Inside and outside Africa, Senegal’s election is being closely scrutinized to see whether it upholds and advances a positive spread of multi-party political pluralism since the end of the Cold War more than two decades ago, or whether it will exacerbate what many are calling a “democratic recession”. Read more…

Senegal: is Wade heading for defeat?



Abdoulaye Wade failed to get anywhere near the 50% threshold for first ballot victory in Senegal’s 26 February presidential election, which would have given the 85 year-old a fresh seven year term of office.

He now faces a tough run-off, expected on 18 March, against his former protégé Macky Sall. Some pundits are already writing Wade’s political obituary, though he has dominated Senegalese politics since his election in 2000.

Barely half the electorate voted in the February first round, compared with a 70.5% turnout in the 2007 election, which Wade won outright. So the president’s campaign team will be working hard to mobilize the many voters who stayed at home this time.

Senegal’s veteran head of state has remarkable self-belief and the skills of a political deal-maker who has staged comebacks before. His capacity to turn the race around should not be dismissed and the outcome of the second round is not a foregone conclusion. But there is a real chance that Wade could be defeated. And in stark contrast with Côte d’Ivoire’s former head of state Laurent Gbagbo, Wade’s campaign team have stated that the president will accept the run-off result.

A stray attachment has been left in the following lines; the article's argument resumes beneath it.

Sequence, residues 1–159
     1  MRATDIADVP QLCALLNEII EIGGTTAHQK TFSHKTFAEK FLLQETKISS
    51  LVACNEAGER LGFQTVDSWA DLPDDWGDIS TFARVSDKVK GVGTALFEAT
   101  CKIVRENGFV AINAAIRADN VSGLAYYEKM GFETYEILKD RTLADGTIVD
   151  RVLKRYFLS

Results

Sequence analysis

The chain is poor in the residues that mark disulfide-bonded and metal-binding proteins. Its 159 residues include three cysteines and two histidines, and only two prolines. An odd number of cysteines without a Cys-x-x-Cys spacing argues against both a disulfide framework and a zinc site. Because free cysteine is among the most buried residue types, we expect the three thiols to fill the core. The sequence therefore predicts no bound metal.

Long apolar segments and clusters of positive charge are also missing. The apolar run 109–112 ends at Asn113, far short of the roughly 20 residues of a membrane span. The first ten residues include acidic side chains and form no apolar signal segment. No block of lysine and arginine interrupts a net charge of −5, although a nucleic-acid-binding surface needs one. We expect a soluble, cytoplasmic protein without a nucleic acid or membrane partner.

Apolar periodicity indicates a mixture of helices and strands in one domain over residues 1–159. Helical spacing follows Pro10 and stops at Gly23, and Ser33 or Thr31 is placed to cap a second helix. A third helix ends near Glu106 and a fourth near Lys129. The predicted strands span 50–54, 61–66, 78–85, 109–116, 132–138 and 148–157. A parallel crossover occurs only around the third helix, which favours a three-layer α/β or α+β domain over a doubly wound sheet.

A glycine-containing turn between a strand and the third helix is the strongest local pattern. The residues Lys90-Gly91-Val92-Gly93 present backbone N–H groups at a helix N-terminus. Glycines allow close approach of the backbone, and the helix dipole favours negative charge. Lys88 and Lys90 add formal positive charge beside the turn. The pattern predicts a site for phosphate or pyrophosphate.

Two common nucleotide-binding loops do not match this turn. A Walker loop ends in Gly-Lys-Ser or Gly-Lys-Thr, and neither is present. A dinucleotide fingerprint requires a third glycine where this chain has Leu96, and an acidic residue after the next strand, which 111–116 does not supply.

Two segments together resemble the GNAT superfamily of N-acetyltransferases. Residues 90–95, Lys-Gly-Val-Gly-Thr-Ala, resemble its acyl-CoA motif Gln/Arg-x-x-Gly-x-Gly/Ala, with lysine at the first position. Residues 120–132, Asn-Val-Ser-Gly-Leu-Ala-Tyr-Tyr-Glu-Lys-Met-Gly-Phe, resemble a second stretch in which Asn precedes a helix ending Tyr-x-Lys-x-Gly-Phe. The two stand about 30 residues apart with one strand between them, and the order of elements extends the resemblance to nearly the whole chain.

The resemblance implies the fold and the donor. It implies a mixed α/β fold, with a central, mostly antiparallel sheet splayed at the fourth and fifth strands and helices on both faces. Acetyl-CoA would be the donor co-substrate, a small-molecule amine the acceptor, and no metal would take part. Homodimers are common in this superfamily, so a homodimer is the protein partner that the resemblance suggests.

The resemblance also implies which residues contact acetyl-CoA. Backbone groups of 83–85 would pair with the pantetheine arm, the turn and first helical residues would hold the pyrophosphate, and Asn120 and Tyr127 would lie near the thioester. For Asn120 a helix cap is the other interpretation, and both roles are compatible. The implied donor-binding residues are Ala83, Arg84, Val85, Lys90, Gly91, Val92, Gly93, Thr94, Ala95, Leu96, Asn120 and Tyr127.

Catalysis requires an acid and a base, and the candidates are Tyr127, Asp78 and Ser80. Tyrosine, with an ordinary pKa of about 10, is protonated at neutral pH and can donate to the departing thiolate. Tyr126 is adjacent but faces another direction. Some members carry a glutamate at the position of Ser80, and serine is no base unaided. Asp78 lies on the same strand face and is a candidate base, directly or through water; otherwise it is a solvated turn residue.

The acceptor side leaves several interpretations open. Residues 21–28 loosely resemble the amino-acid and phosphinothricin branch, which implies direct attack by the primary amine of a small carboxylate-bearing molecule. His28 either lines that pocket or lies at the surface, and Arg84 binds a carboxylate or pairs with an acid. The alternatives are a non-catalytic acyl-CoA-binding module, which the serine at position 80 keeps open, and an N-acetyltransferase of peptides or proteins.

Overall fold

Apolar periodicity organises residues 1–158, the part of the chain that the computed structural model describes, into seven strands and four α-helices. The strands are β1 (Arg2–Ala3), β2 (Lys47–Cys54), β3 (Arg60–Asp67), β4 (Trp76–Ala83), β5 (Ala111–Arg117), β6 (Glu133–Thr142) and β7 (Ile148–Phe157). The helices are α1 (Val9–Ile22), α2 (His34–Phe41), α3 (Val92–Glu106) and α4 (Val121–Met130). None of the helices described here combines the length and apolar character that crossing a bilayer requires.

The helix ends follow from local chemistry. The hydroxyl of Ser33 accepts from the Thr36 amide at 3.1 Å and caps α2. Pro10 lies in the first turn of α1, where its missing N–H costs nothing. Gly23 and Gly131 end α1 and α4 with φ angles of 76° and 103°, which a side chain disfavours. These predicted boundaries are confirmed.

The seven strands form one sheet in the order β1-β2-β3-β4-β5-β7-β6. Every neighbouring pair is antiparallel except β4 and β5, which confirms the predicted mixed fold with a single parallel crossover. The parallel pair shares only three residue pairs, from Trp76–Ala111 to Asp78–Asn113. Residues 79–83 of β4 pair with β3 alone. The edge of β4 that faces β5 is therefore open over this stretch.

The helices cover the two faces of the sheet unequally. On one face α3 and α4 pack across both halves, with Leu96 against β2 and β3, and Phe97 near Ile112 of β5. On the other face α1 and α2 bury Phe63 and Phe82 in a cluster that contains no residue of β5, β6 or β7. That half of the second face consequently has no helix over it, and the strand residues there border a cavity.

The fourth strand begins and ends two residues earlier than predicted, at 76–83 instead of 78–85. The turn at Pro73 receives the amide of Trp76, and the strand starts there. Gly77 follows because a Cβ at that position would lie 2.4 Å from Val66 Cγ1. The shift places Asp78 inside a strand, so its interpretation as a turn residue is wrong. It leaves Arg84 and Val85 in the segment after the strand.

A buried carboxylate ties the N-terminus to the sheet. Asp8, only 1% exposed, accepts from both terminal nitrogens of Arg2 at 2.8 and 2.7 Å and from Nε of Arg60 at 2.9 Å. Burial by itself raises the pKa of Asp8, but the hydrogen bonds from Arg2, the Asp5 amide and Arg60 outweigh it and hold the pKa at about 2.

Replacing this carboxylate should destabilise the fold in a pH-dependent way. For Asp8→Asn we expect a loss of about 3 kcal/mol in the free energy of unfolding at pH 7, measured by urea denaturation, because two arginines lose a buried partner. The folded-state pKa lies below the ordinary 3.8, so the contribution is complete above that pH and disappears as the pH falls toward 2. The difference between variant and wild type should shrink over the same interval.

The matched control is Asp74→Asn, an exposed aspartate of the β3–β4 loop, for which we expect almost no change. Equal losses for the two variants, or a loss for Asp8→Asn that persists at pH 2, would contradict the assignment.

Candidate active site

Wade was doubly unlucky in the first round: he fell far short of the winning post, with just 34.8% of the vote, according to official provisional results, and the other candidate who qualified for the second round was Macky Sall. ‘Macky’ has been the name so often cited on the streets of Dakar as the one figure with the political profile and campaign skills to defeat the president.  Read more…

Senegal: prospects poor for Wade third term

Mail and Guardian

Abdoulaye Wade, one of Africa’s oldest leaders, is facing the prospect of defeat in Senegal after an election that protesters say he should never have been allowed to contest.